Singapore is playing a leading role in Asean's creative economy while building a regional brand by distributing its own cultural and entertainment content as well as collaborating with local production houses.
Singapore’s leading media company, Media Corporation, sees huge opportunities in the rise of pay-TV and the transitioning to digital terrestrial TV in many Asean countries including Thailand.
“Thailand is our new entry market. I think there are several business opportunities. The first is content licensing. We want to sell more content for the Thai audience,” Doreen Neo, managing director of MediaCorp Studios, told The Nation last week.
“The second is the area of co-production. If we have an opportunity to co-produce, we will,” she said.
MediaCorp Studios is in charge of TV production, artist management and international distribution for MediaCorp. It also has a co-production company in Malaysia.
Another area was format licensing. MediaCorp Studios just sold “The Arena” to Thai Public Broadcasting Service (Thai PBS).
“The Arena-Thailand” is a debate series with a modern twist. Students from various schools compete against each other while the judges and audience decide who they think deserves to win. There are a dozen 55-minute episodes.
In 2010, Thai PBS purchased its first Singapore period-drama series titled “Little Nyonya” from MediaCorp Studios. Due to its beautiful story about people’s lives during the Peranakan era, there was never any doubt that the series would become popular among the Thai audience. Another MediaCorp Studios period series now airing on Thai PBS is “A Song to Remember”.
“On top of that, I’d really love to have a channel here [Thailand],” she said.
Its collaboration with Indovision TV, a leading direct-to-home satellite TV operator in Indonesia, is a good example. In 2011, MediaCorp launched its Channel 8i (International) on this pay-TV network.
The company was also in talks with several leading pay-TV operators in Thailand and a deal is expected to be sealed soon.
Cambodia and Vietnam are also key markets in Asean, but the biggest market where the company wants to make its reputation known and its presence felt is China. The biggest project, called “The Journey”, is a crucial part of this ambitious plan. The trilogy will be launched in November, tracing the history of the Republic of Singapore through drama.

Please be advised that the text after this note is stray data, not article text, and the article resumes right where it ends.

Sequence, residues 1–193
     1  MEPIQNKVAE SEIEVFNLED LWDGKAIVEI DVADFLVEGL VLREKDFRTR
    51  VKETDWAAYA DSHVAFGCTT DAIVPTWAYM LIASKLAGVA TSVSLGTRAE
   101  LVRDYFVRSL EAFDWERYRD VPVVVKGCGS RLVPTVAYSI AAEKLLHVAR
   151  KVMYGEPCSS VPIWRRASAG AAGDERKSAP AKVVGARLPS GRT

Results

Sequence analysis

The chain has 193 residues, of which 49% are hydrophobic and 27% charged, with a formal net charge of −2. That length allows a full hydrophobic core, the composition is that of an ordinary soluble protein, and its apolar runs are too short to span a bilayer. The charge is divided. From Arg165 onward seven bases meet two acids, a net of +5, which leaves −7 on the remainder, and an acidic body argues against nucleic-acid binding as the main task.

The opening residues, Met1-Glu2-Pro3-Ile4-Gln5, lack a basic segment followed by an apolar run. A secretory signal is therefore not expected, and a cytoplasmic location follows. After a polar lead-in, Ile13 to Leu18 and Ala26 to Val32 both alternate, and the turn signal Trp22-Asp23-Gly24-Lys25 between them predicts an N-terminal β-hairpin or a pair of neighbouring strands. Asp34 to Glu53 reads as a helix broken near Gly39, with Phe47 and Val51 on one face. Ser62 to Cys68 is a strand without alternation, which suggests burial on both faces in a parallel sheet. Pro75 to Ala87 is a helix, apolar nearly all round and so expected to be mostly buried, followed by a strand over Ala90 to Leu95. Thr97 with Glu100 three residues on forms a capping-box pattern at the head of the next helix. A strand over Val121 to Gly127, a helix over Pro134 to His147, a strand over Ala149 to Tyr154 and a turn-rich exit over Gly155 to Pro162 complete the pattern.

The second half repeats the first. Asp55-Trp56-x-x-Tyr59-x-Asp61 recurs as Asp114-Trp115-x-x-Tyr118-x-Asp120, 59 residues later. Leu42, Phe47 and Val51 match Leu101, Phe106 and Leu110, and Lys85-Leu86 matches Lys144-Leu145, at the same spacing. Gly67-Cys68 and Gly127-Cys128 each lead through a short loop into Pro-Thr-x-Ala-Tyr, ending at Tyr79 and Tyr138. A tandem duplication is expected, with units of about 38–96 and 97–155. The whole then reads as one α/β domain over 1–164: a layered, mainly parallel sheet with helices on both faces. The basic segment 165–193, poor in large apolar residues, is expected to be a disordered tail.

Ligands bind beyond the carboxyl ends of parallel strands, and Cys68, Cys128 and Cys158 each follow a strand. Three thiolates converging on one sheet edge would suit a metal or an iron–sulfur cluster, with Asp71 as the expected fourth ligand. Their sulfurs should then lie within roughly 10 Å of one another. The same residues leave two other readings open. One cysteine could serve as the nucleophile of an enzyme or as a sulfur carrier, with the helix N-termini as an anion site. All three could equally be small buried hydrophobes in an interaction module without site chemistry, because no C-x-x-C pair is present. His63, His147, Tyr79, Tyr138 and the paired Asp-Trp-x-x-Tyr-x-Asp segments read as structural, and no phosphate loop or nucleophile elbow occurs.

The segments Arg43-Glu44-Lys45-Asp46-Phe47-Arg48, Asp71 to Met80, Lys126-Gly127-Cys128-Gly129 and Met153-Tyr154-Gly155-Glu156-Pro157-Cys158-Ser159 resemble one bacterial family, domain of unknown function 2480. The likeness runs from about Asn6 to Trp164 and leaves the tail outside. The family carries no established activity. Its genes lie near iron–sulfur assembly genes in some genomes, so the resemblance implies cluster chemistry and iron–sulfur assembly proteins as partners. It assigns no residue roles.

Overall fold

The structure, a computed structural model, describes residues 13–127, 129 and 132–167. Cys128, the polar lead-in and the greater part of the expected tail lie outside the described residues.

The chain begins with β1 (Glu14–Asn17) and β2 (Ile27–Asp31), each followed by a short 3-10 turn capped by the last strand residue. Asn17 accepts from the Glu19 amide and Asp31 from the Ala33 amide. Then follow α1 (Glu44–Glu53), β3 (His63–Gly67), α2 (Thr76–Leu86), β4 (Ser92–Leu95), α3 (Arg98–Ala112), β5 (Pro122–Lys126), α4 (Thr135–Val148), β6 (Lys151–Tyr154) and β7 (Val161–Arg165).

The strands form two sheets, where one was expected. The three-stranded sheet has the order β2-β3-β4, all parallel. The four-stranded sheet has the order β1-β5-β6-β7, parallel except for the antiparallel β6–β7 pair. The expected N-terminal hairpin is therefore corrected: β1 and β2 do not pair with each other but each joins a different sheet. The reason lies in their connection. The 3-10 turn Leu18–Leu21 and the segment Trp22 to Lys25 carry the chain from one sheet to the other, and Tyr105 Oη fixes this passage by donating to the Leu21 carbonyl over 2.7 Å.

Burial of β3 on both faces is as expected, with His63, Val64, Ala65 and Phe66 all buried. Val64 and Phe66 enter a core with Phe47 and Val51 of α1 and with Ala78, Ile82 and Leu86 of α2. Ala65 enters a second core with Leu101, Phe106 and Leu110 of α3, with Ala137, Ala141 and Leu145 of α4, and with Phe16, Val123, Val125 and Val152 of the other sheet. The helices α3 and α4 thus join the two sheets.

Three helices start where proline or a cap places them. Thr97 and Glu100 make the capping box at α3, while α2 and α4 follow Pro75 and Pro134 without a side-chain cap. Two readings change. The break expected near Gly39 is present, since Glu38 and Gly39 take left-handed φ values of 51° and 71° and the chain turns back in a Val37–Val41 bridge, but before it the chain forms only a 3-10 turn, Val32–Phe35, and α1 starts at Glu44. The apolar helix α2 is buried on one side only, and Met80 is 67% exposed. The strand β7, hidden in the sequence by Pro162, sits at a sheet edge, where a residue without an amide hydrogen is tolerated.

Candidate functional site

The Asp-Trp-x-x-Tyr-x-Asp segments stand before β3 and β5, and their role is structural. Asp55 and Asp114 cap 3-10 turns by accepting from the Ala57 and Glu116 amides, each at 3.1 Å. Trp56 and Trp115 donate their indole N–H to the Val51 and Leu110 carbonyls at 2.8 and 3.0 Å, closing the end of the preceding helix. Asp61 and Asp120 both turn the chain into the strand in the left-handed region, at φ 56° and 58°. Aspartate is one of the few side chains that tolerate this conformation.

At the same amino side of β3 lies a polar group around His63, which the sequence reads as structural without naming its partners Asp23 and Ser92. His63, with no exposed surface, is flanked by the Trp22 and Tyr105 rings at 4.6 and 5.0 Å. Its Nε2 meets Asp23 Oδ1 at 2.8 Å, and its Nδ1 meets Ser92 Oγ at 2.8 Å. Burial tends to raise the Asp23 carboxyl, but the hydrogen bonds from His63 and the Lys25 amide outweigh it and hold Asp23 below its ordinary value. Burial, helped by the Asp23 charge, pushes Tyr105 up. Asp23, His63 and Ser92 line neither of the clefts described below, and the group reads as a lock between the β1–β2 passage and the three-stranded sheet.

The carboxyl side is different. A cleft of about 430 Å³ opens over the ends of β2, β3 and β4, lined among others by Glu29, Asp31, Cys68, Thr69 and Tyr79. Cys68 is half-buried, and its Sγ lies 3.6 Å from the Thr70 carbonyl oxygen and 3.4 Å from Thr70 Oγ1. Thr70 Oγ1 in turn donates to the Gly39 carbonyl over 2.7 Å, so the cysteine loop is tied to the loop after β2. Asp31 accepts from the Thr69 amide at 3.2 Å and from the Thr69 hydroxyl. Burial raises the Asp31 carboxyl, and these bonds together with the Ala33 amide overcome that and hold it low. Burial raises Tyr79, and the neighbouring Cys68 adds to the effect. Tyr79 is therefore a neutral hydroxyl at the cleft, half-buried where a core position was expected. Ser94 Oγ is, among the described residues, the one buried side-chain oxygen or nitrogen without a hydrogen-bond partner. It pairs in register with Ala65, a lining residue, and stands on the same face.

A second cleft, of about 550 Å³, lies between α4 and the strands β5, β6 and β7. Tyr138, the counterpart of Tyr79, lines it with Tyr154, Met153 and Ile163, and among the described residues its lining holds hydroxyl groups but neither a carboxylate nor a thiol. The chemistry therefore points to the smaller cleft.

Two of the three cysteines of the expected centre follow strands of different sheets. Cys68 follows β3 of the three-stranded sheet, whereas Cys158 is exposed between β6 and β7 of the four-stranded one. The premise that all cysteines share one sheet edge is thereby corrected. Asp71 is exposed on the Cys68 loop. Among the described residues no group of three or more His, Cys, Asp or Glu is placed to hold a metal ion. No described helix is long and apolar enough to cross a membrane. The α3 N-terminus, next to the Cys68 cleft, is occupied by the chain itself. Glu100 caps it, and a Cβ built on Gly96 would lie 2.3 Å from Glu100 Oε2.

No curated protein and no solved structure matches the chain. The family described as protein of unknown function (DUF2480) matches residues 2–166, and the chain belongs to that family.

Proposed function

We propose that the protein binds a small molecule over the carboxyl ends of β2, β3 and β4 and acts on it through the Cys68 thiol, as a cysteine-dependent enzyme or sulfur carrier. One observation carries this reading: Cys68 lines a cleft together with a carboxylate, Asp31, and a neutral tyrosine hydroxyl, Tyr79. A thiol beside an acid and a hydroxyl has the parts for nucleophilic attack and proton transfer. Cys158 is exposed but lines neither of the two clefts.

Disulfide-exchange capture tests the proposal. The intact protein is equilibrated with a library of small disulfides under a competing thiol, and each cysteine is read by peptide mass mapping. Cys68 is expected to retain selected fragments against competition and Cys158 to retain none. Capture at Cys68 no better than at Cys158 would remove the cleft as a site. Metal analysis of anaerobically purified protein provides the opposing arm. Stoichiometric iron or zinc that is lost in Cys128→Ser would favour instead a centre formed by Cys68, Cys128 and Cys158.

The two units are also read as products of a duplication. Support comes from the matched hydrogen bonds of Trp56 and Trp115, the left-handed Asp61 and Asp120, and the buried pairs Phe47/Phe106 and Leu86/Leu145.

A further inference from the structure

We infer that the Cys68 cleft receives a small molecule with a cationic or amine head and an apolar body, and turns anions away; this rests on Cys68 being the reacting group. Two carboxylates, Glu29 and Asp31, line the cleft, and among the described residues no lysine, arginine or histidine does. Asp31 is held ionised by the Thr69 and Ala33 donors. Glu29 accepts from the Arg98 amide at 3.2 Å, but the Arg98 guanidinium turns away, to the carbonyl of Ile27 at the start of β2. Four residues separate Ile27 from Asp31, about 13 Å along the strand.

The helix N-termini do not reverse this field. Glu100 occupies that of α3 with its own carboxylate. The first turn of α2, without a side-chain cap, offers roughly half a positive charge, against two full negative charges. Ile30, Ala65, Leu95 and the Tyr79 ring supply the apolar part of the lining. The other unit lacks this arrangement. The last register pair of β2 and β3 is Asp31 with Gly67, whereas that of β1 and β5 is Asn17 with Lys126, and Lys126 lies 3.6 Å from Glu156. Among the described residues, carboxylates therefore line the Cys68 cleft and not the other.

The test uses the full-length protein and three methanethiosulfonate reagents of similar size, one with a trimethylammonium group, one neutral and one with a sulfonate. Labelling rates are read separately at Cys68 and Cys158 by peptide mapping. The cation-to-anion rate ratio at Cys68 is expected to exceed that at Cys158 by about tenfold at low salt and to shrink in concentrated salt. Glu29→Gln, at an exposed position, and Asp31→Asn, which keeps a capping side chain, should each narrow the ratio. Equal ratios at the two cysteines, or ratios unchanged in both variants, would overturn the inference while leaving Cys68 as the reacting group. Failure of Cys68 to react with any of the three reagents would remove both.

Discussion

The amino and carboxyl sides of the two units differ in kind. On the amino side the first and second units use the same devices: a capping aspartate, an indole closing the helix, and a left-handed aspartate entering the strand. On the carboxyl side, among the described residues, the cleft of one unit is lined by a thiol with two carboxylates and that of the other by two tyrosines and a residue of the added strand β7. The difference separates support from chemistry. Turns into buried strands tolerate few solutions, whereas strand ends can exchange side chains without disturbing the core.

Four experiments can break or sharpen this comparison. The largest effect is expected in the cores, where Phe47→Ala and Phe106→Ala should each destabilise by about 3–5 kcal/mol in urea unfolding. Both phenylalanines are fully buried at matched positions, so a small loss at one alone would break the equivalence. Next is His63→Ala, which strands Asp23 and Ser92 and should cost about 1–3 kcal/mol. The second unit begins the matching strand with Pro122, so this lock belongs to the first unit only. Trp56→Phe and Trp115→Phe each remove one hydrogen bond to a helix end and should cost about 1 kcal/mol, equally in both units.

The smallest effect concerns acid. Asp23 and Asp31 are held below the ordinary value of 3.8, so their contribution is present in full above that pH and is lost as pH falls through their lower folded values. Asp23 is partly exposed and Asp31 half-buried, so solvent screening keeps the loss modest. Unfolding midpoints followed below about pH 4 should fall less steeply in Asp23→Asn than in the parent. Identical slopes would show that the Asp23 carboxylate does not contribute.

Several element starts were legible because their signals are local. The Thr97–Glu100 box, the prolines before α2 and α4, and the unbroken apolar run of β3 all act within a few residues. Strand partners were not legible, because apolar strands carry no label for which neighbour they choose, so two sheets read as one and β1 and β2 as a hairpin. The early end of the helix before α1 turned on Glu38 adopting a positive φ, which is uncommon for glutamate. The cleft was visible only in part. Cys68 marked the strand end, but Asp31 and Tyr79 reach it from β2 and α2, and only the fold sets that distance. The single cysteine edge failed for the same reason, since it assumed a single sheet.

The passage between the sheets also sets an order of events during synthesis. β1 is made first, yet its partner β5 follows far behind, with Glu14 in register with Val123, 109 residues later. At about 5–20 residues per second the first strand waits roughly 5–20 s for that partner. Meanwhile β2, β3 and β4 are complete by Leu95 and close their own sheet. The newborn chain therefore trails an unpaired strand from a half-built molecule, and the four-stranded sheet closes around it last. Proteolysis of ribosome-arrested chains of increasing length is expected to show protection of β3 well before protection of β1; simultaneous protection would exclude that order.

This three-year project is divided into three chapters.
The first is set from 1920-1940 when immigrants from China’s southern provinces moved to Singapore. The story shows how they built their family, built their business and how hard it was to start a business. This shows the first generation of Singapore.
Then next year in November, the company will roll out the second chapter, which is set from 1940-1965. This will depict Japanese aggression towards Singapore during World War II and the lead-up to independence.
The third chapter will portray Singapore from post-independence to the present day.
“We are trying to translate the historic events into drama,” she said.
Singapore has something different to offer, unlike South Korea, which uses entertainment and cultural contents to drive tourism.
“We aim to use this to promote the Singapore brand,” she said.
The Media Development Authority of Singapore plays a crucial role in supporting and funding media projects not only for local content developers but also overseas film and TV production firms.
It helps Singaporean production houses ranging from small to large companies to meet potential customers or TV broadcasters abroad.
With quality contents and full support from the government, it is for Singapore’s media company to be a key player in Asia’s creative economy.